We see the cardiologist the day before Thanksgiving….and..John has lost 10 pounds since his heart attack, aka, since becoming vegan.
Someone asked us if we were “still vegan.” This question just leaves me nonplussed. If a cardiologist refers you to cardio rehab to pursue a vegan diet, then the response is, “Heck yes, we’re vegan!” I mean, come on – what other choice is there for us? If we continue to eat the way we had been eating, then John would invariably have another heart attack, and another, until eventually one would take him away.
We are now vegan – if others do not agree with this approach, then fine, but do not imply that this is a fad for us. This is our new lifestyle. I want many decades of time with him, and if this is what we have to do to be together, then there is no question.
Another odd question: “Are you angry vegans?” I have to admit that I had no idea as to how to respond……and had to ask a vegan work colleague if she knew what that meant. She thought about it and finally came up with the idea that perhaps this person was referring to the ones who become vegan as part of animal rights – angry vegans – the ones who throw red paint on those wearing fur, who picket McDonalds….. Nope, not us. I don’t feel animals should be tortured or mistreated, but we are not animal rights activists. Now, I might be willing to protest a lack of GMO labeling or the lack of farmers’ markets or the inclusion of soy in so many products…..
Our Continuing Education
Finally, after a month of waiting, our two Dean Ornish books arrived, and John is reading the chapters regarding causes of cardio vascular disease….it is not genetic, we do not inherit it from our parents, we develop it from our food choices. Well, that certainly places the responsibility squarely in our hands: we are responsible for what we put in our mouths, and what we put in our mouths impacts our bodies.
Finding nothing to watch on the regular television channels…and even less to watch on the cable channels… we flipped back to Netflix and found the documentary Food Choices. Here is the trailer for this production:
This documentary promotes a plant-based diet, utilizing research and nutrition experts. Three topics really intrigued me. One of the topics addressed was vegan athletes who reported the same results I have found – more energy, better workouts, greater speed and endurance. (I am now running 8-minute miles, down from 10-minute miles). The second topic of interest was the “fat vegan” (not my term – THEIR term). Most vegans are somewhat lean, but some are not. I had not really considered that before. These vegans eat a plant-based diet yet remain overweight and with some of the same health issues as those who eat meat. when these vegans drop foods such as avocado, nuts, nut milks/butters, and oils, they lose weight and their health improves. the final item that caught my attention was vegetarianism. While I have known that a vegetarian eats no meats, it never occurred to me that eating eggs, milk and butter really made them no different from those who consume beef, poultry, or fish. They still consume animal products…and those animal products still negatively impact their health.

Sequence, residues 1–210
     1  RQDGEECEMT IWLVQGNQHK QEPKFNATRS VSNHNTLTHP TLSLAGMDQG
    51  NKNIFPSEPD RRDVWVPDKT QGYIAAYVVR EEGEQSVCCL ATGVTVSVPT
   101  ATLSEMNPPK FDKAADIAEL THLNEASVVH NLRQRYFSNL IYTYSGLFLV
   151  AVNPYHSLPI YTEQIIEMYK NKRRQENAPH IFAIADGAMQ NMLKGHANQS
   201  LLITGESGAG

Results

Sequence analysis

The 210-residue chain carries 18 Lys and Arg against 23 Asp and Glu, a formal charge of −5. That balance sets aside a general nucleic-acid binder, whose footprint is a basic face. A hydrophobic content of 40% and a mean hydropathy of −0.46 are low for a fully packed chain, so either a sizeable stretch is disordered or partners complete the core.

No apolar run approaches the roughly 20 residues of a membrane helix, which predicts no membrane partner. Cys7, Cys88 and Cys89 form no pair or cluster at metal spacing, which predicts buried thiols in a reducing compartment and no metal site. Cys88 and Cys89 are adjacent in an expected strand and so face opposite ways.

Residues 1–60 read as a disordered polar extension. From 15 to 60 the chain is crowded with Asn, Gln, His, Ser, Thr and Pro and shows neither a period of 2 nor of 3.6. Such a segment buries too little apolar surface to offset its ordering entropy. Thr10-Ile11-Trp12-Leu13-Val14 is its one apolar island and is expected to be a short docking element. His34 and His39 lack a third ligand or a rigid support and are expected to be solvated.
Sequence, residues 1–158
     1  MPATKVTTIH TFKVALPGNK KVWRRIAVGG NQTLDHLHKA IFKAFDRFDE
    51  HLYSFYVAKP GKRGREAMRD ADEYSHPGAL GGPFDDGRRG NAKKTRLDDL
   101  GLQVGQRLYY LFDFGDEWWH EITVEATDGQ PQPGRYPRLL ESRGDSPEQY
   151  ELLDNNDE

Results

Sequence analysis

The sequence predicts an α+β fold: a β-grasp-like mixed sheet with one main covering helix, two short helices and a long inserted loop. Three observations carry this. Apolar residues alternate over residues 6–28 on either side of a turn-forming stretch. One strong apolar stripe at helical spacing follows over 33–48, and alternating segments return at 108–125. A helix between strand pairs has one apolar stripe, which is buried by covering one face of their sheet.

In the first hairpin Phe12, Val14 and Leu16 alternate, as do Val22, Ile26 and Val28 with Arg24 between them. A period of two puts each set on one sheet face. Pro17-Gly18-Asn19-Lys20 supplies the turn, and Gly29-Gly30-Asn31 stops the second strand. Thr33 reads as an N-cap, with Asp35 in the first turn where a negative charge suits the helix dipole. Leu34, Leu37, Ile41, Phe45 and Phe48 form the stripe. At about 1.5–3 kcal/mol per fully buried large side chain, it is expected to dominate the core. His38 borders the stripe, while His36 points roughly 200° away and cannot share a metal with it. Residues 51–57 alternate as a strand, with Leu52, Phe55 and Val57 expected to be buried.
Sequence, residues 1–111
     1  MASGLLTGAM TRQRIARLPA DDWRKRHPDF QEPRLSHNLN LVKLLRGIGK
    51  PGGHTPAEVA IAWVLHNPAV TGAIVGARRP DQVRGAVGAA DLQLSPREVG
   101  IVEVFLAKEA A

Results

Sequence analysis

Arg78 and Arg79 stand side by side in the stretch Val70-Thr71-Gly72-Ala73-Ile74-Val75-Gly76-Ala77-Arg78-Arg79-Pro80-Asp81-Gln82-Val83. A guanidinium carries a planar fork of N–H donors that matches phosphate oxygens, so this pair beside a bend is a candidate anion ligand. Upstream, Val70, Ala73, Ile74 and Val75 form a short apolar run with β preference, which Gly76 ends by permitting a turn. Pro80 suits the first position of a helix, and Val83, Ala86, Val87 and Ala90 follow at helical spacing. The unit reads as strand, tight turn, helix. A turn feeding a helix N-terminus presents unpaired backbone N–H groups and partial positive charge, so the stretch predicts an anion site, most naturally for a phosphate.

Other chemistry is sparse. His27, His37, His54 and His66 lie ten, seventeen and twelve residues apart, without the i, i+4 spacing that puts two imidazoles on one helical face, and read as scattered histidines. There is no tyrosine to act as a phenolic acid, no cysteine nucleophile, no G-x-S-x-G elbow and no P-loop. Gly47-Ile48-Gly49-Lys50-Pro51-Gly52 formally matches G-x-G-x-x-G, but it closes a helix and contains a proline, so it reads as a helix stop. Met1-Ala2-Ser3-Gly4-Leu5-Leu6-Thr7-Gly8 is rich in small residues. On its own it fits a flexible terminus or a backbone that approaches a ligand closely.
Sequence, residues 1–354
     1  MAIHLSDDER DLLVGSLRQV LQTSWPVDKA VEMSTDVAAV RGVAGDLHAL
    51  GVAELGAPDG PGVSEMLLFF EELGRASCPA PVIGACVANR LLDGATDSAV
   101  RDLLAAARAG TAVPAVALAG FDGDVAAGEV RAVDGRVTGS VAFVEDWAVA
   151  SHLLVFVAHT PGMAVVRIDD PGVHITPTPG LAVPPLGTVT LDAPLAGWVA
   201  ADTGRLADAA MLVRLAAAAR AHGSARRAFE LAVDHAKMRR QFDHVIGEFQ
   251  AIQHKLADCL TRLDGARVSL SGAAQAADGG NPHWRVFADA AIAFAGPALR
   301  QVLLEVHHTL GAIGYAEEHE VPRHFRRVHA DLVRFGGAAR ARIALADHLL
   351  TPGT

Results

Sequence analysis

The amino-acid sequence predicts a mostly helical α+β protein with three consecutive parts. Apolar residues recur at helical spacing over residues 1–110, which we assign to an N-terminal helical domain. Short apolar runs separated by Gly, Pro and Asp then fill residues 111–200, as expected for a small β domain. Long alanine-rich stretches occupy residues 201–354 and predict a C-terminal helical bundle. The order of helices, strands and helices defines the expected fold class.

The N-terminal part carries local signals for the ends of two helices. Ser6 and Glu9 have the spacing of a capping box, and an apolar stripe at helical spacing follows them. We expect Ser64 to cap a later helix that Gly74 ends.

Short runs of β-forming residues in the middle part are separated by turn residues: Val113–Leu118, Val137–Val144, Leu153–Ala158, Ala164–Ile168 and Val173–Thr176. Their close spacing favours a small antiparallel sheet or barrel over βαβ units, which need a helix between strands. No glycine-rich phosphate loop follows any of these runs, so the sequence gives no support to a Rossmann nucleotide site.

The impact of food on our health just continues to amazes me….
I still spend quite a bit of time researching and looking for oil-free recipes.. I love to bake and really miss baking as I currently have only one really good moist bread (see previous blog post for recipe), but oil-free, egg-free, nut milk-free recipes are difficult to find…but I will keep looking…or figure out how to make some substitutions.
The Veggie Issue
The following trailer is for Hungry for Change:
If you have never heard of Joe Cross, he is the force behind, Fat, Sick, and Nearly Dead (trailer below) who took on a 60 day juice fast to address weight loss and a variety of weight-related medical problems:
Any way…we started juicing again, and I feel much more confident about us both getting the vegetable servings we need. We are still doing Shakeology with spinach added, but the juicing gives us carrots, cucumbers, beets, tomatoes – all sorts of options! We will definitely keep a close eye on John’s blood sugar to make sure we do not overdo on the fruit, but I feel as though a weight has lifted! We can have the servings we need without having to cram in food all day long! Yay!
Since the weather is trying to turn cold, I wanted to have some slow cooker recipes where dinner could cook all day, and we could just add a side salad. There is just nothing better than loading up a slow cooker at the beginning of the day and knowing that dinner is basically taken care of. I found a wonderful recipe for Black Bean Pumpkin Chili and tweaked it to suit our needs.
There is one problem with this recipe: the pumpkin and spices smell so good cooking that it tempts you to open the cover to inhale. Do not be tempted! Leave the house if need be because this meal smells fantastic as it cooks. Add a side salad with a few blueberries, seeds, and oil-free dressing, and you have a complete and easy meal.
Being a vegan is becoming easier….
Black Bean Pumpkin Chili
- 3 15-ounce cans black beans, drained
- 2 14.5-ounce cans plain diced tomatoes
- 1 cup pureed pumpkin (not pumpkin pie mix)
- 1 medium-sized onion, diced
- 1 tablespoon chili powder
- 1 teaspoon cinnamon
- 1 teaspoon cumin
- 1/4 teaspoon nutmeg
- 1/8 teaspoon ground cloves
- 1/4 teaspoon kosher salt
- 1/2 teaspoon coarse ground black pepper
- Add all ingredients to a 4-quart or larger slow cooker. Stir.
- Cook on low for 8 – 10 hours.
- Serve with assorted toppings.
Leftovers freeze easily. We end to have a stew or chili one night, then freeze the leftovers in individual servings. This way when we have lots of vegan “fast food” ready at a moment’s notice.